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  #188  
Old Posted Feb 19, 2021, 5:35 PM
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Originally Posted by yuriandrade View Post
In fact, the US doesn’t inflate. They established a 15% commute threshold to define CSA. I looked for Canadian stats, and here in SSP I found a thread about it.

Commute rates into Toronto GTA is: Guelph at 10%, Kitchener at 3%. Even using American definitions they would be off.
Is a county ever removed if the commute rates fall below 15%

I only ever see additions, never any subtractions.
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  #189  
Old Posted Feb 19, 2021, 5:42 PM
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Is a county ever removed if the commute rates fall below 15%

I only ever see additions, never any subtractions.
that will be interesting to monitor in the post-covid WFH world.

what exactly will count as a commuter going forward?

will someone who lives in kenosha county, WI who used to drive to their job down in lake county, IL everyday still be counted as a commuter now that they primarily WFH and only head down to the office 2-4 times/month for facetime?

if not, will there be enough of that phenomenon to drop kenosha county below the 15% commuter threshold into chicagoland and thus be removed from chicago's MSA?
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Last edited by Steely Dan; Feb 19, 2021 at 6:34 PM.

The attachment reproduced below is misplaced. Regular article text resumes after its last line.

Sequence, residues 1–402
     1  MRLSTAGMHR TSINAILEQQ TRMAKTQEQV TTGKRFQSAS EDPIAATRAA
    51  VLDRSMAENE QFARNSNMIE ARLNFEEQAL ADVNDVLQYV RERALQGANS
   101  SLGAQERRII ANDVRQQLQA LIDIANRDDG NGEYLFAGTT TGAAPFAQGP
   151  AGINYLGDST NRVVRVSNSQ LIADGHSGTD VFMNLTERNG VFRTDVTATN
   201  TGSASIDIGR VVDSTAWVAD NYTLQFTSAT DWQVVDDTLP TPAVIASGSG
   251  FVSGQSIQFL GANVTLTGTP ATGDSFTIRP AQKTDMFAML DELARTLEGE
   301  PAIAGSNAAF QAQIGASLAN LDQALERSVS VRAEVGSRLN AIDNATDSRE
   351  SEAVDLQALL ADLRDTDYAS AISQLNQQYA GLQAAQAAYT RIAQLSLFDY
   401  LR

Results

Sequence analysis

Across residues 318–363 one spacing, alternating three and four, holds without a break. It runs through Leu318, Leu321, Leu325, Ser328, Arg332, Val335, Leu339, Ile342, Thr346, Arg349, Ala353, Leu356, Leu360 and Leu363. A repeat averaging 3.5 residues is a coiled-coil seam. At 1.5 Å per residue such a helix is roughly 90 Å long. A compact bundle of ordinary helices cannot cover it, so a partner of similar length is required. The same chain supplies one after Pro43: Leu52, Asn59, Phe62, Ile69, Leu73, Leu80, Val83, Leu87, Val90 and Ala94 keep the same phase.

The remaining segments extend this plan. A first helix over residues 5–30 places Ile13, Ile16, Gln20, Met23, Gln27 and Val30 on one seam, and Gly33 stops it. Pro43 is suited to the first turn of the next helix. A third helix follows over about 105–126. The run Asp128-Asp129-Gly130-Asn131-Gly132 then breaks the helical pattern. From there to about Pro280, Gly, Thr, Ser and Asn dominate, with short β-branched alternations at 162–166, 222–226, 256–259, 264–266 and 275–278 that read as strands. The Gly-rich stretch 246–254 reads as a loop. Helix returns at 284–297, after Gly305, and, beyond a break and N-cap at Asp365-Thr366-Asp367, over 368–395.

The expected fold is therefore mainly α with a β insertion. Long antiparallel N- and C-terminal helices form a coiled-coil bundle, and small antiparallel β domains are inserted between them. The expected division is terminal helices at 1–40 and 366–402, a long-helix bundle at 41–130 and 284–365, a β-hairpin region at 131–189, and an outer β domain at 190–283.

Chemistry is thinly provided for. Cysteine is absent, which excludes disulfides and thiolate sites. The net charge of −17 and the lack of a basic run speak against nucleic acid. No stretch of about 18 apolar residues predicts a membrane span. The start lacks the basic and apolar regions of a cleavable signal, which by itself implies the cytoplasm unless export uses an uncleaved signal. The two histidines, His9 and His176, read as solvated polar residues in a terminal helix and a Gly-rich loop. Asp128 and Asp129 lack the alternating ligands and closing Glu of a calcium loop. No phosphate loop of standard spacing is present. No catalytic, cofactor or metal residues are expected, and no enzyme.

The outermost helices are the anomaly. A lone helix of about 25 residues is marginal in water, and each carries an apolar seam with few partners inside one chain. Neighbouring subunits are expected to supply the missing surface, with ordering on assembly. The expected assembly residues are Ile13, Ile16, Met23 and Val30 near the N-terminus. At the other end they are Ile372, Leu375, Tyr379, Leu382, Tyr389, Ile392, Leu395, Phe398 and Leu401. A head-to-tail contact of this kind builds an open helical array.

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  #190  
Old Posted Feb 19, 2021, 6:45 PM
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Originally Posted by Steely Dan View Post
that will be interesting to monitor in the post-covid WFH world.

what exactly will count as a commuter going forward?

will someone who lives in kenosha county, WI who used to drive to their job down in lake county, IL everyday still be counted as a commuter now that they primarily WFH and only head down to the office 2-4 times/month for facetime?

if not, will there be enough of that phenomenon to drop kenosha county below the 15% commuter threshold into chicagoland and thus be removed from chicago's MSA?
It seems like it could also go the other way too? If less traffic then people who still have to commute can live farther away.
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  #191  
Old Posted Feb 19, 2021, 6:59 PM
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It seems like it could also go the other way too? If less traffic then people who still have to commute can live farther away.
perhaps?

i'm just much more interested in how "commuter" will be defined going forward now that we will have such a significantly larger share of the workforce that isn't literally traveling to an office every single workday.

since the entire concept of MSAs and CSAs is based off of commuter percentages, that definition starts to become critically important, specifically for many of those loosely associated fringe counties that just barely nudged over the 15% threshold in the pre-covid world.
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  #192  
Old Posted Feb 19, 2021, 8:35 PM
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Originally Posted by C. View Post
Is a county ever removed if the commute rates fall below 15%

I only ever see additions, never any subtractions.
They do subtract counties once in a while. However as every urban area in the US grows in area, even the ones who lose population, it’s only natural that they keep adding new counties into them.
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  #193  
Old Posted Feb 19, 2021, 10:41 PM
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Originally Posted by yuriandrade View Post
In fact, the US doesn’t inflate. They established a 15% commute threshold to define CSA. I looked for Canadian stats, and here in SSP I found a thread about it.

Commute rates into Toronto GTA is: Guelph at 10%, Kitchener at 3%. Even using American definitions they would be off.